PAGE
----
SAP's Profit Rises, Keeps Oracle at Bay - TheStreet

SAP's Profit Rises, Keeps Oracle at Bay

Revenue climbs 10%.
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Updated from 12:11 p.m. EDTShares of business software maker SAP (SAP) - Get Report jumped after the company said second-quarter profit rose 8% and that it hadn't lost market share to rival Oracle (ORCL) - Get Report.

The stock was up $3.94, or 7.6%, to $55.89 in recent trading.

SAP said revenue climbed 10% to $3.34 billion. Analysts polled by Thomson financial had expected revenue of $3.25 billion.

Earnings rose 8% to $620.6 million, or 51 cents a share. Excluding items, analysts had been expecting EPS of 44 cents on net income of $537.5 million.

Software product revenue was up 18% for the quarter, year over year. Customized software and related services revenue rose 16%.

"Our service business remained flat compared to the second quarter of 2006," CFO Werner Brandt said in a conference call with analysts.

The company said it picked up an additional 1% of the worldwide market for core enterprise applications, valued at $35.3 billion, increasing its share to 26% for the trailing four quarters.

The company saw double-digit growth in all regions, "and we continued to gain share against core enterprise application vendors," CEO Henning Kagermann said.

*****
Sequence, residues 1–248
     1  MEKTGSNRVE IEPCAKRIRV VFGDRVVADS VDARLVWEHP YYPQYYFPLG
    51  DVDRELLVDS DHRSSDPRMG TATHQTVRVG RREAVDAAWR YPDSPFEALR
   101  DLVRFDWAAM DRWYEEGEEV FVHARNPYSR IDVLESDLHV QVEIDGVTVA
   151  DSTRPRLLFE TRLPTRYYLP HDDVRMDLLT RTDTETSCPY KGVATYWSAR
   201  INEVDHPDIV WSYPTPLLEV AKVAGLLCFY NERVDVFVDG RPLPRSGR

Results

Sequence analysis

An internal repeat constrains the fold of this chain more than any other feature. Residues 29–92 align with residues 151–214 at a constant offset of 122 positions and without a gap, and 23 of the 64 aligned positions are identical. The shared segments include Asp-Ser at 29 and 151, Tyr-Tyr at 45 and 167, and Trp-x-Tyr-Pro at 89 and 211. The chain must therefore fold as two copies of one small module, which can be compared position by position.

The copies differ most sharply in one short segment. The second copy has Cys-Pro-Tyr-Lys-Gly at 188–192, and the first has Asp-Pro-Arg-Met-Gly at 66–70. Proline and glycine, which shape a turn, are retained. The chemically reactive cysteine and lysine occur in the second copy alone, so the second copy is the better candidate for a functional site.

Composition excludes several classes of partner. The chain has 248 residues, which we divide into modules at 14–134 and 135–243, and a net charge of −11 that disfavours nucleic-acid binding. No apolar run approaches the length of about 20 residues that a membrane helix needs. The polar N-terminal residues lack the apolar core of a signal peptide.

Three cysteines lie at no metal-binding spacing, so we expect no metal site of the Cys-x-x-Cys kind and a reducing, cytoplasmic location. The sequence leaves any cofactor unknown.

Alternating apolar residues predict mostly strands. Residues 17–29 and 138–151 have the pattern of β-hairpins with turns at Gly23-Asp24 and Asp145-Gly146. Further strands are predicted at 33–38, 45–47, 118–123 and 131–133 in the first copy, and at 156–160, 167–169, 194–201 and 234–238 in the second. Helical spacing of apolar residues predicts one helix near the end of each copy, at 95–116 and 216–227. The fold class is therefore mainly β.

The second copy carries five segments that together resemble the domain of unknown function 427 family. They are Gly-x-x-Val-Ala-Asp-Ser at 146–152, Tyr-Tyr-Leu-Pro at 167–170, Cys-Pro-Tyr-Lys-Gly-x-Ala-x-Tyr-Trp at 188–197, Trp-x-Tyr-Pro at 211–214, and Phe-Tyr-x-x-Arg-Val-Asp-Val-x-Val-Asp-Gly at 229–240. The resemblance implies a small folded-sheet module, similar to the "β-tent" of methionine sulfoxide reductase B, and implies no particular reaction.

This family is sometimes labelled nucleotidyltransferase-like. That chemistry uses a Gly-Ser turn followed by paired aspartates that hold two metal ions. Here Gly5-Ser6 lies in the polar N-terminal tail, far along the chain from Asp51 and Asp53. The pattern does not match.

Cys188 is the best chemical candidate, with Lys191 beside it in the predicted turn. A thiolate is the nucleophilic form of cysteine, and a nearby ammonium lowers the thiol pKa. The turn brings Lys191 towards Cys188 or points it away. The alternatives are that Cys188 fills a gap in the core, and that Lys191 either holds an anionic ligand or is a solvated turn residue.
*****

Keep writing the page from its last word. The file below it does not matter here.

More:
"On the expense side, we saw an increase in operating expenses of 11% for the second quarter," Brandt said.

SAP projected full-year software and services revenue will increase by 12% to 14%. Such revenue increased by 12% in 2006. Analysts project full year revenue of $13.9 billion.

"We are working on this entirely new business model based on a new product, with the code name A1S," Kagermann said.

SAP has so far invested 50 million euros ($69 million) in the A1S, which is a hybrid software-as-a-service (SaaS) platform intended for medium-sized businesses. The investment is expected to total from 300 million to 400 million euros ($414.7 million to $552.9 million), or 1% to 2% of margin, over the next two-year period.

Kagermann said A1S is on track for a September launch, when the product name will be announced.

In terms of SaaS, A1S represents "one of the biggest inventions hitting the market," SAP Americas President and CEO Bill McDermott said in an interview Thursday.

With the new product, SAP is going after

Salesforce.com

(CRM) - Get Report

, which offers subscription-based customer relationship management (CRM) software on demand. A1S will be "an integrated business suite that includes supply chain and manufacturing, finance, human relationship management and CRM, all in a fully integrated box, on demand and downloadable from the Internet for one monthly price," he said.

A1S is currently in a pilot stage, with mass adoption expected in 2008, McDermott said.

Addressing the higher operating expenses due to the A1S investment, McDermott took a sideways swipe at Oracle's growth strategy. "We don't think you can buy customers and products, like our competition. We invest on the margin, like our new business, the A1S," he said.

Kagermann said SAP's share of the medium-sized business market increased to 32%, on a rolling four quarters basis. "It's growing much faster than our high-end business," adding 1,750 new customers, he added.